The desktop is not dead, yes - despite the fact notebooks and media centre based machines now dominate company announcements because they are seen as sexier and more modern (and they are!) - there is still something venerable about the humble table brick. All of which means HP deserves a bit of credit for trying to spice up the looks of its latest PC, especially when you consider it is a business model.
The dc500 Series Desktop PC (to give it its full title) is a funky looking machine styled in a minimalist combination of silver and black. Based around the willing Intel 915GV Express chipset means dc500 series machines will therefore come with Pentium 4 processors benefiting from HT Technology, though budget oriented Celerons will be available on request.
As could be expected in a business PC it has integrated graphics, but for the home user or sneaky employee with a taste for gaming (outside office hours, of course!) there is a PCI Express. In and around Windows, the dc500 is no slouch either as it is supported by DDR2 memory and a range of serial ATA, 7,200rpm hard drives with 8MB of cache and capacities starting at 80GB.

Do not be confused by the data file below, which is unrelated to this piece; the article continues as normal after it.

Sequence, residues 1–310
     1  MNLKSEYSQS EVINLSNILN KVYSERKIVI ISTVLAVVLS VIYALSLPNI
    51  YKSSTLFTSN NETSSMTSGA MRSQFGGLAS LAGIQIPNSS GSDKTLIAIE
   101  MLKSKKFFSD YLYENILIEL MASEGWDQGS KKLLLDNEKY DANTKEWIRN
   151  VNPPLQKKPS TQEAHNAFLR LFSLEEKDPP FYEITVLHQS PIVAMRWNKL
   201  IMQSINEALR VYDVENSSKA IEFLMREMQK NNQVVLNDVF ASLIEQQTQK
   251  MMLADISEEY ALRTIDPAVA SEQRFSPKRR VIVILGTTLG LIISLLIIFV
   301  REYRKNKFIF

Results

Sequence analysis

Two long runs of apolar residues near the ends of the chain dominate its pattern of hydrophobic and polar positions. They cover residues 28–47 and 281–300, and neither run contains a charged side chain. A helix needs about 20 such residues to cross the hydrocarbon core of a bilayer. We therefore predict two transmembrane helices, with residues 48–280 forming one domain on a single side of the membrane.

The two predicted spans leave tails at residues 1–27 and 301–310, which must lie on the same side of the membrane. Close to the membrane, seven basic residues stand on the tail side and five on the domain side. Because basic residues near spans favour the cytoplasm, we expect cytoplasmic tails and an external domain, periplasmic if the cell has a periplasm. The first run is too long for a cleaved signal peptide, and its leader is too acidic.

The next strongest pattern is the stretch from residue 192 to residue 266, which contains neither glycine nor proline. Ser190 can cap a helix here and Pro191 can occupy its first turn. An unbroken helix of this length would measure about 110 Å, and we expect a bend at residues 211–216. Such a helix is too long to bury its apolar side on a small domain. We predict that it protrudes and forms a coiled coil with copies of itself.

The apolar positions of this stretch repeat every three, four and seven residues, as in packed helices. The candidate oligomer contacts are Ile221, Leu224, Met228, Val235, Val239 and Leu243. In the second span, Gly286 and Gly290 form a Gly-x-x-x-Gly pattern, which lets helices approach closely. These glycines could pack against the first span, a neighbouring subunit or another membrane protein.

Customers have the choice of housing their dc500 in microtower (seen above) or small form factor (SFF) casing and HP claims both have tool free access to internal components with (SAS drilled?) IT managers supposedly able to open the chassis and remove all internal components and drives within 60 seconds. Whether the said (dexterous) IT manager can put all the internal components and drives back together and make it switch on in one minute remains a very different question.
Windows XP Pro is the highlight of the dc500 series' software package that also includes the Altiris Local Recovery backup programme. Pricing begins at a highly affordable (cheap even) £397 RRP (naturally this doesn’t include the flat panel monitor) and the first of these little dudes should be shuffling into rectangular spaces on your high street selves about now. A company that cares about innovation in the business desktops of 2005? Wow.